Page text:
Vegas laboratory, machine gambling figures both as a means and an end of experimentation.
The experiment is meant to find the perfect, pure experiential commodity, which, if Schüll is right, turns out to be the nonexperience of playing machines. The machines are designed to expedite the speed of wagering, to provide a steady stream of bet-resolutions that seem to hinge on choices the user made but in reality are random. “Some machines allow players to choose the exact moment when the reels stop spinning, but a sense of control is illusory,” Stross writes. “The outcome is determined when the reels start spinning and has absolutely nothing to do with what the player does or does not do.”
The helplessness we experience in the face of modernity’s “expert systems” upon which we inevitably rely, as well as the relentless celebration of consumer choice as the highest expression of freedom, leads us to a willingness to consume a parody of choice in the form of slot machines. What can be more redolent of freedom than choosing to choose choice, over and over? Moments of having our fate decided masquerade as moments of decision, and the machines are designed to remove any friction between those moments, which might give a player an opportunity to consider the only decision that really does have an impact on gaming outcomes: whether or not to continue playing. So slot players consume speed as a form of ersatz decision making; momentum substitutes itself for rational choice. Consuming speed as such offers the illusion of mastering risk by plummeting right past it.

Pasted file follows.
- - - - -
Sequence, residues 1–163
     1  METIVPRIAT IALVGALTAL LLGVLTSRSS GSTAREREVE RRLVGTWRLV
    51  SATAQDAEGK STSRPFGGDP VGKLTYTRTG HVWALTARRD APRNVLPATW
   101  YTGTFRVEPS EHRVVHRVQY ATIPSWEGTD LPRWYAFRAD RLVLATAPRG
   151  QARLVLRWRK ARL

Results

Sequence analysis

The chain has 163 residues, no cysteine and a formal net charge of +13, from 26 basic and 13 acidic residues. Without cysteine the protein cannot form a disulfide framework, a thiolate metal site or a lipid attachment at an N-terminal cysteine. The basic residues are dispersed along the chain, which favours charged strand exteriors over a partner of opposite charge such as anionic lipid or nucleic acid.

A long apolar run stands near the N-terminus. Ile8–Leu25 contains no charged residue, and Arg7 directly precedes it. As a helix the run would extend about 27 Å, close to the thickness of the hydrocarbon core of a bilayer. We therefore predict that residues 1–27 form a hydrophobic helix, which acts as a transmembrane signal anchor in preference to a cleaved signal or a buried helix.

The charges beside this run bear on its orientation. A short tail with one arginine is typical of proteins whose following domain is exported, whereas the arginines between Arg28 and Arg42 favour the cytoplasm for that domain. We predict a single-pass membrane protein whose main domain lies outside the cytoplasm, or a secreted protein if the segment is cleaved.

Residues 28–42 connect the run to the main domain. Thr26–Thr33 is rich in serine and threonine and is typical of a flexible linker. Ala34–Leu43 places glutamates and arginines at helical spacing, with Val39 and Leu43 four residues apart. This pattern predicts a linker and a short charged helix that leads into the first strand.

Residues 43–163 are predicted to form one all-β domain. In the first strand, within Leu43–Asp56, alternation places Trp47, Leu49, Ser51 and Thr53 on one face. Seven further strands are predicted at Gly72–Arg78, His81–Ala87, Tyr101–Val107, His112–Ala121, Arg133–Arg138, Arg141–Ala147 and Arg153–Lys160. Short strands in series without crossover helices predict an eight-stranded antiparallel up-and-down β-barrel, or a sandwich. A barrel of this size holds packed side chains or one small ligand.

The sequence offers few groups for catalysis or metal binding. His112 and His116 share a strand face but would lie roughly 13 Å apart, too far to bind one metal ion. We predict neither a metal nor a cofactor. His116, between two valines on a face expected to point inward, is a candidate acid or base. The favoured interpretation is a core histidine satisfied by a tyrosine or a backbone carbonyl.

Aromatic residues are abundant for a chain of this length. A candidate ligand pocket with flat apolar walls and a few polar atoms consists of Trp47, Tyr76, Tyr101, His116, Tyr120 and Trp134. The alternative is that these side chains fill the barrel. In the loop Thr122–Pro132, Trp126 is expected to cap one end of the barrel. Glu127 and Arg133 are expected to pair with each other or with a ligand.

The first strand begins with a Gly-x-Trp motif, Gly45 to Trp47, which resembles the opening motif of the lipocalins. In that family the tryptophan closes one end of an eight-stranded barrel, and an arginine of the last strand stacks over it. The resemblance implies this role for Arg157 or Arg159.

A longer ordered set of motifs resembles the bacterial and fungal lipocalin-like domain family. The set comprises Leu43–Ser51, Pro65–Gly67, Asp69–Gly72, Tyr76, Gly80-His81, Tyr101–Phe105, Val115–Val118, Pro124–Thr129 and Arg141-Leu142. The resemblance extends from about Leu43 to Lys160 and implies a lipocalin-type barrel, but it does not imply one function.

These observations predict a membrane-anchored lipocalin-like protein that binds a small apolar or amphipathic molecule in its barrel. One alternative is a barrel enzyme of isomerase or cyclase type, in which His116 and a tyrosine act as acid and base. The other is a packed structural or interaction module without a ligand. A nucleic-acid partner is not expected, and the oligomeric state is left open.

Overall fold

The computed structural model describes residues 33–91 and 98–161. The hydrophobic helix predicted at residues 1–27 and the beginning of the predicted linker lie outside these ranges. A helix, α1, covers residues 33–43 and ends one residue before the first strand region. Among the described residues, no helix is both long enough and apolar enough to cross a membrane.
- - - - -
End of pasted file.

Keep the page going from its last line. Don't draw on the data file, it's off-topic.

In the last section of America, Baudrillard offers this gnomic definition of gambling: